GSD Course Bulletin - Spring 2014
This term's information was last refreshed on 12 MAY 2015 14:55:41.
Courses taught by Holly Samuelson
05370: Environment, Economics, and Enterprise (SES 0537000)
Architecture, Urban Planning and Design
Seminar - 4 credits - Limited enrollment
Tuesday 11:30 - 2:00 Gund 505
How can one optimize the benefits of environmental sustainability while generating a higher return on investment in buildings? Where are the opportunities for real estate initiatives that are highly functional, healthy, aesthetically pleasing and financially rewarding? The challenge to designers, developers, environmental consultants, policy-makers and other professionals lies in finding and communicating these synergies. This cross-disciplinary course will give students an approach to problem solving to help them contribute to thoughtful, high-impact decisions about design and construction that are both environmentally/socially impactful and economically effective.
At the end of the course students will be able to:
- identify sustainability opportunities for their projects. Identify sustainable/economic win-win solutions
- translate enhanced design into a project 's financial pro forma, and communicate the financial impact clearly to market makers
- complete accurate cost benefit economic analysis, with realistic assumptions on ability to finance and ability (if any) to obtain premium value on exit
- analyze market demand for projects with and without enhanced sustainability design
- think about how to finance their projects and where to go for capital
- explain their ideas in the language of decision-makers, from community groups to financial investors
Students from all GSD disciplines are encouraged to participate.
06125: Environmental Systems in Architecture (SCI 0612500)
Lecture - 4 credits
Monday 10:00 - 11:30 Gund 111
Friday 10:30 - 12:00 Gund 111
The primary focus of GSD 6125 is the study of ecological considerations in architectural design. These considerations include the thermal, luminous, and acoustic behavior of buildings. The course examines the basic scientific principles underlying these phenomena and introduces students to a range of technologies and analysis techniques for designing comfortable indoor environments. Students are challenged to apply these techniques and explore the role energy, light, sound, water, and materials can play in shaping architecture.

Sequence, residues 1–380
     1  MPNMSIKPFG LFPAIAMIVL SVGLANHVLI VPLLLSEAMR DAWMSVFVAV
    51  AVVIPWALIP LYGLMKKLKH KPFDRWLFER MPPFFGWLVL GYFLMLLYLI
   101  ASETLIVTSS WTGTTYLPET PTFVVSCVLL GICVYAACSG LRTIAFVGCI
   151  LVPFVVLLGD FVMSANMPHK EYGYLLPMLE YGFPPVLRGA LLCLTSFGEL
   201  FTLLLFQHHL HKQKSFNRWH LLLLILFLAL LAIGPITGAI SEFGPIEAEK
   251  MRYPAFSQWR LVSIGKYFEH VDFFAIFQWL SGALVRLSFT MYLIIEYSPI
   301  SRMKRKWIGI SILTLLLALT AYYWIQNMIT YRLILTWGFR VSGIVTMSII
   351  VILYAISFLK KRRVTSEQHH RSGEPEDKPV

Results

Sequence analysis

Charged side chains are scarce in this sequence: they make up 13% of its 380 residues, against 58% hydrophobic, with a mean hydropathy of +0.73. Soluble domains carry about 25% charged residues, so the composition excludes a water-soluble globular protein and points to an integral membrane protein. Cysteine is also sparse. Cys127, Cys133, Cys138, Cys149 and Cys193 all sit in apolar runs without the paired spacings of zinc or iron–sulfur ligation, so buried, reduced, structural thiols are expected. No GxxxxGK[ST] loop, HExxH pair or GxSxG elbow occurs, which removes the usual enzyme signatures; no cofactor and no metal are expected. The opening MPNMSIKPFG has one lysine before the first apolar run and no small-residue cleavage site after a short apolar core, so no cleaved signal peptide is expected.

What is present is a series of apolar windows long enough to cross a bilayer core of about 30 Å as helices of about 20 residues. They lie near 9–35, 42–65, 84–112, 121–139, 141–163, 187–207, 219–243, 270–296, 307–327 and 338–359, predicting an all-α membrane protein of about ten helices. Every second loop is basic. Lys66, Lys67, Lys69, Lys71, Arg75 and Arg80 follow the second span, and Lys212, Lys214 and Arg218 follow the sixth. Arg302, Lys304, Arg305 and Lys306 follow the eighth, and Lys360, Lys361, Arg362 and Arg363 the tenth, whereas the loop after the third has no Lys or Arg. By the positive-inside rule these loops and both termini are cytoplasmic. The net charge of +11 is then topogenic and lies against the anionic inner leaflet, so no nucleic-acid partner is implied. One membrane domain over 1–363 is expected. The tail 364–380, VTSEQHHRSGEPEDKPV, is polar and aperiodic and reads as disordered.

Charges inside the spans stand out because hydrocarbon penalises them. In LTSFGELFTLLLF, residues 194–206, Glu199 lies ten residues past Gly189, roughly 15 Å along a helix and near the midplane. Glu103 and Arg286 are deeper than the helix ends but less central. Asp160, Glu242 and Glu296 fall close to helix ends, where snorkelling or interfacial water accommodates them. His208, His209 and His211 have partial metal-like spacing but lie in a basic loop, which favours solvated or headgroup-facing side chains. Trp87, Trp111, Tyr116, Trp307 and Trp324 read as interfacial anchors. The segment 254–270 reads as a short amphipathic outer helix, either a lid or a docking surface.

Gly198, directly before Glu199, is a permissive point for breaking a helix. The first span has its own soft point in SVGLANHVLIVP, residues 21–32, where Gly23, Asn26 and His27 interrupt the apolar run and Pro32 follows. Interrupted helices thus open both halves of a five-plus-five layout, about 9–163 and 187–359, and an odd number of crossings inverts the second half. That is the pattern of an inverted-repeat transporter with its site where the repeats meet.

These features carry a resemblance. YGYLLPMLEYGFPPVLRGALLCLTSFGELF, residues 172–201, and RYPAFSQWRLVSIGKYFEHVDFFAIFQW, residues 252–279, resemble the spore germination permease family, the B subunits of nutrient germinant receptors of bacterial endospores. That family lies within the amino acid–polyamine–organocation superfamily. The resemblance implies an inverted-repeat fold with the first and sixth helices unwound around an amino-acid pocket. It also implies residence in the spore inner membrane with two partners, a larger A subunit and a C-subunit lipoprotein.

Students gain a better understanding of global resource issues and the role of buildings within this context. The course also presents the principles of heat flow in and around buildings. Basic manual and computer-based methods to predict the energy use of buildings are discussed. In addition, the course introduces the art and science of lighting buildings along with manual and computer-based methods for analyzing daylight design. Finally, the instructor touches upon a number of technologies and ecological concepts including natural ventilation, life cycle assessment, water management as well as conventional and emerging HVAC systems. The course includes a field trip to an exemplary building in the Boston area.
The course format consists of biweekly lectures and periodic workshops. Individual and group assignments as well as in-class presentations help students to study the contemporary use of environmental technologies in buildings.
09304: Independent Thesis for the Degree Master in Design Studies (ADV 0930400)
Research Seminar - 8 credits
Leire Asensio Villoria, Martin Bechthold, Pierre Bélanger, Eve Blau, Neil Brenner, K. Michael Hays, Timothy Hyde, Hanif Kara, Joyce Klein-Rosenthal, Ali Malkawi, Panagiotis Michalatos, Kiel Moe, Holly Samuelson, Allen Sayegh, Charles Waldheim, Andrew Witt, Ed Eigen
A student who selects this independent thesis for the degree Master in Design Studies pursues independent research of relevance to the selected course of study within the Master in Design Studies program, under the direction of a GSD faculty member. This option precludes taking any other independent study.